Blackgammon is the name of a punk-metal band put together by drummer Ruben and his war buddy Lou. For a rocker, Reuben, a former drug addict who had given up his addiction, is too focused on a healthy lifestyle; however, it’s better not to be immune to illnesses, like to fate and imprisonment. While performing, he suddenly hears that the drums do not produce the trademark sound, but a muffled hum. This is the first symptom of imminent hearing loss. So Reuben goes to the secluded abode of people with deafness to learn to be deaf himself.
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“The Sound of Metal,” so praised by film critics around the world, can be classified as a film with very exciting synopses. First, Riz Ahmed, who is a very talented artist, plays Reuben, the drummer of a punk band who loves partying, drugs and tattoos, and is rapidly losing his hearing. The prospect of being handicapped by his lifestyle sounds terrifying, and then there’s the added factor that Reuben is essentially to blame for it himself. Secondly, “The Sound of Metal” is conceptually a state drama, and with obvious nihilistic overtones: even the opening scene shows this. However, for all the above, The Sound is hard to watch (and listen to): despite the innovative approaches associated with sound editing, director Darius Marder, known primarily for co-writing the script for Place Under the Pines, is heavily into the technical aspects of his picture and is not sufficiently concerned with the main thing – revealing Ruben as a person. “The Sound of Metal” is two hours long, and the events in it unfold at a snail’s pace, not because nothing happens, but because there is almost no real drama.
The protagonist is a lovable but dim-witted outsider who confronts his gradually changing state in the same way as everything else: with the blank face of a “spirited” punk rocker. Marder seems to have missed certain features of the script: if he had shown how Reuben loses his hearing over time, not only would it have played into the drama, but we would have learned more about the character, such as what his values are or how he experiences loss. Watching “The Sound of Metal” reveals flaws in the script related to the main character: viewers begin to worry about questions about the characters that the director himself apparently didn’t ask himself.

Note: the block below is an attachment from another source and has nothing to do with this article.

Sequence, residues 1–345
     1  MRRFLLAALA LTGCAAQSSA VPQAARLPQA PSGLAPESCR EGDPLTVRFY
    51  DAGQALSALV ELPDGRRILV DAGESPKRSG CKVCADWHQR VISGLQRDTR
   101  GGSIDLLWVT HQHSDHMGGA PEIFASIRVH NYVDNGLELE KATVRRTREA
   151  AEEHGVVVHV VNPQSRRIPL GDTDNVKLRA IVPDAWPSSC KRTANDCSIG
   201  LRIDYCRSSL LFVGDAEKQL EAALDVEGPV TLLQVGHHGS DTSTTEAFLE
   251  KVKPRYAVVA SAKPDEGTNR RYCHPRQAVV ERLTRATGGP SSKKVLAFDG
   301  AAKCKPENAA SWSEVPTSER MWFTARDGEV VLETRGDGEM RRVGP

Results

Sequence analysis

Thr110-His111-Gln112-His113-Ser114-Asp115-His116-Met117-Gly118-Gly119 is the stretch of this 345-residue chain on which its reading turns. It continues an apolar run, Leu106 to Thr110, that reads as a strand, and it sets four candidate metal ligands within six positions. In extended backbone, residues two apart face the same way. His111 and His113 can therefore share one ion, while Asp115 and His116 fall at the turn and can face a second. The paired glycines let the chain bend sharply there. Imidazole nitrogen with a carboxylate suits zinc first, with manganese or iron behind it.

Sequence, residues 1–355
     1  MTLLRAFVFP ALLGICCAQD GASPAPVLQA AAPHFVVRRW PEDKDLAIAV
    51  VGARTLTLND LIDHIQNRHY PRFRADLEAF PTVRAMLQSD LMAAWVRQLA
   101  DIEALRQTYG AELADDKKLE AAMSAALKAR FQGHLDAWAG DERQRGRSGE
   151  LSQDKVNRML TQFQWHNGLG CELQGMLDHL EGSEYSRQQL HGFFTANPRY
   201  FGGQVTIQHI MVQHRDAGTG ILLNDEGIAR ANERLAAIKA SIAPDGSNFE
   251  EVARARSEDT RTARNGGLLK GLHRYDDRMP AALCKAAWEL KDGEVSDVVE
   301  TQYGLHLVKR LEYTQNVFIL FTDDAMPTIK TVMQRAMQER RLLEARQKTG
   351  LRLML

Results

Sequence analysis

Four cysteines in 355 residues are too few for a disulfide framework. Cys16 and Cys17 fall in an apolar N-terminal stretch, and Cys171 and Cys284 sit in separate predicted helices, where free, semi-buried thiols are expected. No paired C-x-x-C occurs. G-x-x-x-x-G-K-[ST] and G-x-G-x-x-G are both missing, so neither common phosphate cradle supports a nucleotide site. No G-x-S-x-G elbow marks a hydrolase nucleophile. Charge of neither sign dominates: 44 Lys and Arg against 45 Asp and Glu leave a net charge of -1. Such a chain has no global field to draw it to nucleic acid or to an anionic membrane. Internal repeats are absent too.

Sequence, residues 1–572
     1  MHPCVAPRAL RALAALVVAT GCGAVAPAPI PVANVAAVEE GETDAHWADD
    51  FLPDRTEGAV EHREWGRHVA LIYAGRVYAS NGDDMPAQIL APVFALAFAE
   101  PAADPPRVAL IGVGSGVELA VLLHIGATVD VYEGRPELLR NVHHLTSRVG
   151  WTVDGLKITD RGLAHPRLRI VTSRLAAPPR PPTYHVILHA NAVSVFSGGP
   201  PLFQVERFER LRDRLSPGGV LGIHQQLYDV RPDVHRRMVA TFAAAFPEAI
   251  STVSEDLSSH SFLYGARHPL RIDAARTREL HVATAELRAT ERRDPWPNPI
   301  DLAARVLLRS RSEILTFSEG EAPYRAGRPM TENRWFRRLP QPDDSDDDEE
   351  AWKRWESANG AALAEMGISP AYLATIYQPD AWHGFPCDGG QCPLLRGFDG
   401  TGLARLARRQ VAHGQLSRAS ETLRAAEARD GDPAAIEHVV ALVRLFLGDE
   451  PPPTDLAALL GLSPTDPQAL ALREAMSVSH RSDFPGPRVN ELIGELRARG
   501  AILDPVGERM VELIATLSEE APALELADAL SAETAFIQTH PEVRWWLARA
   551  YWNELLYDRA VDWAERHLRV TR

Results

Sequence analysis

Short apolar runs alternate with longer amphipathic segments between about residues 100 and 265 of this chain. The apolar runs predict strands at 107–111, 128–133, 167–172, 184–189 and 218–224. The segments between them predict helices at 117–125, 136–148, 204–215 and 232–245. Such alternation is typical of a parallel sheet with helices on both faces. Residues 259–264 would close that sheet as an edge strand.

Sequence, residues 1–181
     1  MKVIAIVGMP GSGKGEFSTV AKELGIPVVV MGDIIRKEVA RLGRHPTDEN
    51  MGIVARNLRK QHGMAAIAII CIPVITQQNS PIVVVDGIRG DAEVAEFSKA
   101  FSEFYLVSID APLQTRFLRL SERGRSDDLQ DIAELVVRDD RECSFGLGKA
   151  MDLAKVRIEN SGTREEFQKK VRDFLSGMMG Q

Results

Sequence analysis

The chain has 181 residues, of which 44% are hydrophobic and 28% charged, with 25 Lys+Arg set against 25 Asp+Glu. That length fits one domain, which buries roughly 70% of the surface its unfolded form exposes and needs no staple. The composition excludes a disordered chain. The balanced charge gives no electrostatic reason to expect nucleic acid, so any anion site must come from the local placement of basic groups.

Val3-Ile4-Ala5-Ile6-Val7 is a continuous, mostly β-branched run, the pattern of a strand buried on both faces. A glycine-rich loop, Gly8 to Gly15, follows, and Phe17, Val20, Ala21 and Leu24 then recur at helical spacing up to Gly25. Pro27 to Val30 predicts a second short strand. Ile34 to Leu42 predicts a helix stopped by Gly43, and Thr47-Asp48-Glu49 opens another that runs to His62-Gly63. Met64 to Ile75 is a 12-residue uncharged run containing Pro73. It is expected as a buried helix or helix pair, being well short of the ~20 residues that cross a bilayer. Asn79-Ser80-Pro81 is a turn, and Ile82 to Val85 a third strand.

Reuben has a girlfriend named Lou, a bandmate. They enjoy their semi-gypsy existence, traveling in a motorhome from gig to gig. Reuben and Lou are progressive vegan punks who express their aggression at musical events. But that topic, too, remains unexplored. And once Lou realizes what’s going on with Ruben after all, she devises a kind of therapy for him in a small commune where only deaf and dumb people live. Darius Marder probably wanted to add themes of redemption, questions of a higher power that can change the hero, but the author’s point of view, which is reflected in the film, is that the deaf community is seen as almost an ideal society. Reuben goes this route and joins them, and thus the imperative of “The Sounds” proves too strict: if Marder makes an argument against our society and prejudiced thinking, then why not side with Reuben? The seemingly ordinary drama is full of unnecessary doctrines, causing the film to be seen as pretentious.
Eventually the character undergoes a certain evolution and quite decent episodes begin, more focused on technical execution than drama. Interestingly, Marder’s desire to immerse the audience in the world of the deaf man worked, but sadly, the idea was not followed through. In its current form, “The Sound of Metal” is constructed in such a way that Reuben eventually finds his true path and decides to become a different person. The funny thing is that hearing (or lack thereof) doesn’t define his nature. It’s an enlightening idea, you could even make a pun about how “The Sound of Metal” tells the viewer more than he hears, but within the confines of, again, a dramatic story, it simply seems forced out.
Focusing on characters rather than emotions or even ideologies, “The Sound of Metal” is a lighthearted drama with a lot of ideas not particularly well-rehearsed. Technically, the film isn’t bad: strong design, a dull and realistic palette, and the actors’ immersion in the film’s world all have an impact. The soundtrack is also on point and makes you realize what it’s like to be like Reuben. Nevertheless, in terms of narrative, “The Sound” was a simple film: a spectacle, of course, ambiguous and original, but not at all surprising.
Codec: HEVC / H.265 (87.3 Mb/s)
Resolution: Native 4K (2160p)
HDR: Dolby Vision, HDR10
Original aspect ratio: 2.39:1
English: DTS-HD Master Audio 5.1 (48kHz, 24-bit)
English: Dolby Digital 5.1
French: DTS-HD Master Audio 5.1